In the early 90s, Britt Johnson‘s life was like that of any healthy young girl. Until suddenly, it wasn’t. In the summer of 1992, Britt came down with strep throat for the first of what would be many times. Over the next several months, Britt encountered one health setback after another. Months of health setbacks turned into years, during which time Britt had repeated contact with the healthcare system. This contact was not always positive. Britt received a series of misdiagnoses and was even accused of being a hypochondriac. Finally, at the age of 20 Britt was diagnosed with Psoriatic Arthritis. Britt’s disease has continued to progress, and her diagnosis has been amended to Spondyloarthropathy and Rheumatoid Arthritis.
The Birth of #ChronicLife
Today Britt, aka The Hurt Blogger, is one of a growing number of epatients sharing their experiences online. Britt actively blogs and tweets, in addition to serving as an epatient advisor for organizations like Medicine X. On January 28 of this year, Britt published a blog post in response to a conversation that had haunted her since November of 2014. Britt was having a lovely dinner with two friends, one a fellow chronic disease patient and the other a healthcare professional familiar with chronic disease. Britt would have expected both friends to understand her daily struggle. And then this happened:
In the midst of raucous debate and laughter worthy of my future wrinkles, I mentioned that I was exhausted from my disease and apologized for my fidgeting, it was due to pain and not disinterest in the conversation. I took Percocet. One of the friends turned to me in utter shock, asking what was wrong?! Was I sick? Was I hurt? Why was I taking medication?!
My shock in turn said, “When do I NOT take medication?!” My friend went on to say quite innocently, that I looked so beautiful and lively, that they thought all this time, that my disease was controlled. In that moment I questioned everything I had been doing as far as advocacy. If this friend did not understand my disease, how possibly do others? It was suggested I film my daily life, because in all honesty, it is a mystery.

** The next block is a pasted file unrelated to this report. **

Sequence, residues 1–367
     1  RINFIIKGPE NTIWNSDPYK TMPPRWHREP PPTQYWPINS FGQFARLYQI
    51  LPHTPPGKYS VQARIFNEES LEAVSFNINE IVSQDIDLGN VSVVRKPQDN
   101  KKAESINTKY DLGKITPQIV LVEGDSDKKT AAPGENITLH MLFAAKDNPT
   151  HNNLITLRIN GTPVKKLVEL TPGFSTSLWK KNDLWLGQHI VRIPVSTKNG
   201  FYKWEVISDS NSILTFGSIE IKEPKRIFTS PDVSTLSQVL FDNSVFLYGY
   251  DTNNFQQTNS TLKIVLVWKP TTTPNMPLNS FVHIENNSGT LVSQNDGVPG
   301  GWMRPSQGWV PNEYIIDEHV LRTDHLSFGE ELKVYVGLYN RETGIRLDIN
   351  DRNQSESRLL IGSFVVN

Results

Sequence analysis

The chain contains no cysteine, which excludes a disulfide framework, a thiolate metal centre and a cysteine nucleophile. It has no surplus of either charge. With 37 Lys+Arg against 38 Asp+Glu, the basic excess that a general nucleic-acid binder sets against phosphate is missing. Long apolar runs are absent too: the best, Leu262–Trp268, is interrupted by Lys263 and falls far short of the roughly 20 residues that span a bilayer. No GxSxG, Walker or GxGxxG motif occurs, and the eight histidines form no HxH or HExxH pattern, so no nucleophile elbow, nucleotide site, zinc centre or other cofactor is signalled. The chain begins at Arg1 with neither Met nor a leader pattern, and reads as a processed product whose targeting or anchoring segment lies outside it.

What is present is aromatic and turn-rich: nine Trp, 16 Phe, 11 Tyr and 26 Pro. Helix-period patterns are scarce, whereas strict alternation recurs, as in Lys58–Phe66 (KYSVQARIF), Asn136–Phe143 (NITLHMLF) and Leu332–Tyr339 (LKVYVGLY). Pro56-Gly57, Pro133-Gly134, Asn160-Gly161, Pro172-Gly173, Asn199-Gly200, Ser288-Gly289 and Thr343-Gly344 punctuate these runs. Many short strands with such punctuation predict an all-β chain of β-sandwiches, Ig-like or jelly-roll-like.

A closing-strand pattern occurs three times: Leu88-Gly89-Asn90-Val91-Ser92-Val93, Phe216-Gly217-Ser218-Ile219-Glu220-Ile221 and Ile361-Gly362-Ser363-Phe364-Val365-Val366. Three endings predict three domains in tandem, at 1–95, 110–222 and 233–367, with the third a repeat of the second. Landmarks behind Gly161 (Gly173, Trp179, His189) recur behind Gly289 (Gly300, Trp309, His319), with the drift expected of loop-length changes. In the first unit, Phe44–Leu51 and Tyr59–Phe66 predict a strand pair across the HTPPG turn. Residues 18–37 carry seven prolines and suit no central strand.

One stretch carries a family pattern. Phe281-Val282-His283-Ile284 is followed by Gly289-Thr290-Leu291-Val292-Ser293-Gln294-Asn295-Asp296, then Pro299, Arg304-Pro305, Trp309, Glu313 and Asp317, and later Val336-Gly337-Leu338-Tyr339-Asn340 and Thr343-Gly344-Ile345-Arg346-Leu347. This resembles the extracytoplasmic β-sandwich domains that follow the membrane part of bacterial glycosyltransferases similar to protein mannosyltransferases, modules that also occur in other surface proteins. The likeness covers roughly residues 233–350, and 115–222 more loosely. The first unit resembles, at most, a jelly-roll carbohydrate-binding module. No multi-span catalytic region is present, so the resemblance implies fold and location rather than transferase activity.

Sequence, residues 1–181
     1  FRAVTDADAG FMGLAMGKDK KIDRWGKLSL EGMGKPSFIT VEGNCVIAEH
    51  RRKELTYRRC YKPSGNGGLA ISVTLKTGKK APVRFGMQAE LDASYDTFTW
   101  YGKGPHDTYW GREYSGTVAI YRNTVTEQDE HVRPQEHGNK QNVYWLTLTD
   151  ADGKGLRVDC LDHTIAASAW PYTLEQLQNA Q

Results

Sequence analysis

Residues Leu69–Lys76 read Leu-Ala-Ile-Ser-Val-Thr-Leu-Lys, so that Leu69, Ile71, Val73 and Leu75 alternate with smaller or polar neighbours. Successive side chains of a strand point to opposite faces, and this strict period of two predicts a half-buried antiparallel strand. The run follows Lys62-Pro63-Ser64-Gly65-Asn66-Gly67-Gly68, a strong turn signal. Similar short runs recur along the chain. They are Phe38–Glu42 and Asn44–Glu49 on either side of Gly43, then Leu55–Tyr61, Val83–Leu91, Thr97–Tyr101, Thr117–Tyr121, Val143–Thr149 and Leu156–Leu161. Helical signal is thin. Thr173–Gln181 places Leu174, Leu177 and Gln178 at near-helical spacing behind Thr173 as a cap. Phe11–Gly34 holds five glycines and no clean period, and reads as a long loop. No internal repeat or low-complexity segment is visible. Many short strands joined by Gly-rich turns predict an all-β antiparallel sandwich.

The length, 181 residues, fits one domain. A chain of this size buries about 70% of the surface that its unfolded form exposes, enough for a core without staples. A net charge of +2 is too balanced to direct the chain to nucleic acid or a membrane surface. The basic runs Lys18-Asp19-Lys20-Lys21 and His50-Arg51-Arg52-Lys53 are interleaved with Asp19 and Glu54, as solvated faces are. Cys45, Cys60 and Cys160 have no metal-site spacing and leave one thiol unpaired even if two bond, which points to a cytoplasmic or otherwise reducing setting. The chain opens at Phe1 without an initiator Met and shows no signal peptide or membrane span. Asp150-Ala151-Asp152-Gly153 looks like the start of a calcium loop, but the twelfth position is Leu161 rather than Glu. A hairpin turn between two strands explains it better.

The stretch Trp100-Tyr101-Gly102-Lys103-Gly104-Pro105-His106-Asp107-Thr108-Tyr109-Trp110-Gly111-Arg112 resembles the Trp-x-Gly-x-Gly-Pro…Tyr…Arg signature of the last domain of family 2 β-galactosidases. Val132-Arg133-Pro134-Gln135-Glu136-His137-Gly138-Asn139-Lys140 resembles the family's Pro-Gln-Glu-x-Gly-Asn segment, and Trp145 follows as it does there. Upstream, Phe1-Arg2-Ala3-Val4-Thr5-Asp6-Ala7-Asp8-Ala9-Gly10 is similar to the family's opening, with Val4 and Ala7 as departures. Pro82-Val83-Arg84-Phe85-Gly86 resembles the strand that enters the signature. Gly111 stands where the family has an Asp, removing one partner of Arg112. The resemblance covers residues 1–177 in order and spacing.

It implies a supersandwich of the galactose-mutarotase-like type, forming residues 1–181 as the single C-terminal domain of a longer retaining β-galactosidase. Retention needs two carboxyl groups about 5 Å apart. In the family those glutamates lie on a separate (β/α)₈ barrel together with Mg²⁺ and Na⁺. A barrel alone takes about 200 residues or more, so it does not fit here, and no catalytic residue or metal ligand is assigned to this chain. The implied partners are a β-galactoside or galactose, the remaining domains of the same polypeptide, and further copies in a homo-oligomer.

As a result, Britt hatched an experiment, which she detailed in a blog post. Over 48 hours, Britt would live tweet the daily reality of her disease using the Twitter hashtag #ChronicLife. This experiment would give people an unedited glimpse into Britt’s world, hopefully providing them with a better appreciation for the daily struggle that she and other patients faced. As part of this experiment, Britt promised to:
- Tweet every time she felt pain
- Share the mental health aspects of her disease
- Share all the medication she takes
- Share all the devices she uses
A Sample of Britt’s #ChronicLife Tweets
For your convenience, a small sample of Britt’s tweets are embedded below. But if you have a few minutes, those minutes would be very well-spent by viewing Britt’s full 48 hours of #ChronicLife live tweeting.
The #ChronicLife Movement
Britt’s experiment, though exhausting for her, was a resounding success. People were not only supportive of Britt, but they also participated in her experiment. Other chronic disease patients began tweeting their own #ChronicLife in solidarity, which snowballed into a #ChronicLife Twitter movement. Meanwhile, people without much exposure to chronic disease learned from and interacted with these patients, gaining a deeper appreciation for their daily realities.
And while helping others, Britt had also helped herself:
Because of #ChronicLife, I no longer feel like I am hiding in the shadow. I’m standing in the sunlight, arm in arm with my fellow chronic patients. I no longer have fear over sharing any moment of my #ChronicLife. We have the ability to educate the wide world of healthcare. I lifted the veil not just for others, but for myself. I feel free.
We at Lilly Clinical Open Innovation (LCOI) felt touched and enlightened by these stories, so we decided to capture them visually using a word cloud (seen at the top of this post). To create our word cloud, we used the tweets of Britt and the people Britt included in her Chronic Life Twitter List. Using the Twitter Application Programming Interface (API), we pulled their tweets, essentially filtering for those that included #ChronicLife and occurred during the 48-hour experiment. Once we had our data, we then pasted it in a tool called textisbeautiful.net to create the word cloud.
We did very little to curate the data provided by Twitter, with a couple of exceptions. Because all of the tweets included #chroniclife in them, the word cloud featured #chroniclife extremely prominently. We felt that including #chroniclife in the word cloud distracted from the other words and didn’t add value, so we removed it. In addition, we removed all medication names to keep the focus on patients, rather than feature or promote particular drugs.
We enjoyed learning from the rich perspectives and insights of #ChronicLife patients, and we hope you did as well. This experiment is a wonderful example of the collective power and change that can be generated using social media. A simple Twitter hashtag allowed patients to be heard, while educating clinical researchers, healthcare professionals, and the general public. What did you find valuable about the #ChronicLife experiment? Any aspects of it you find particularly interesting? Did anything surprise you? Let us know in the comments or on Twitter.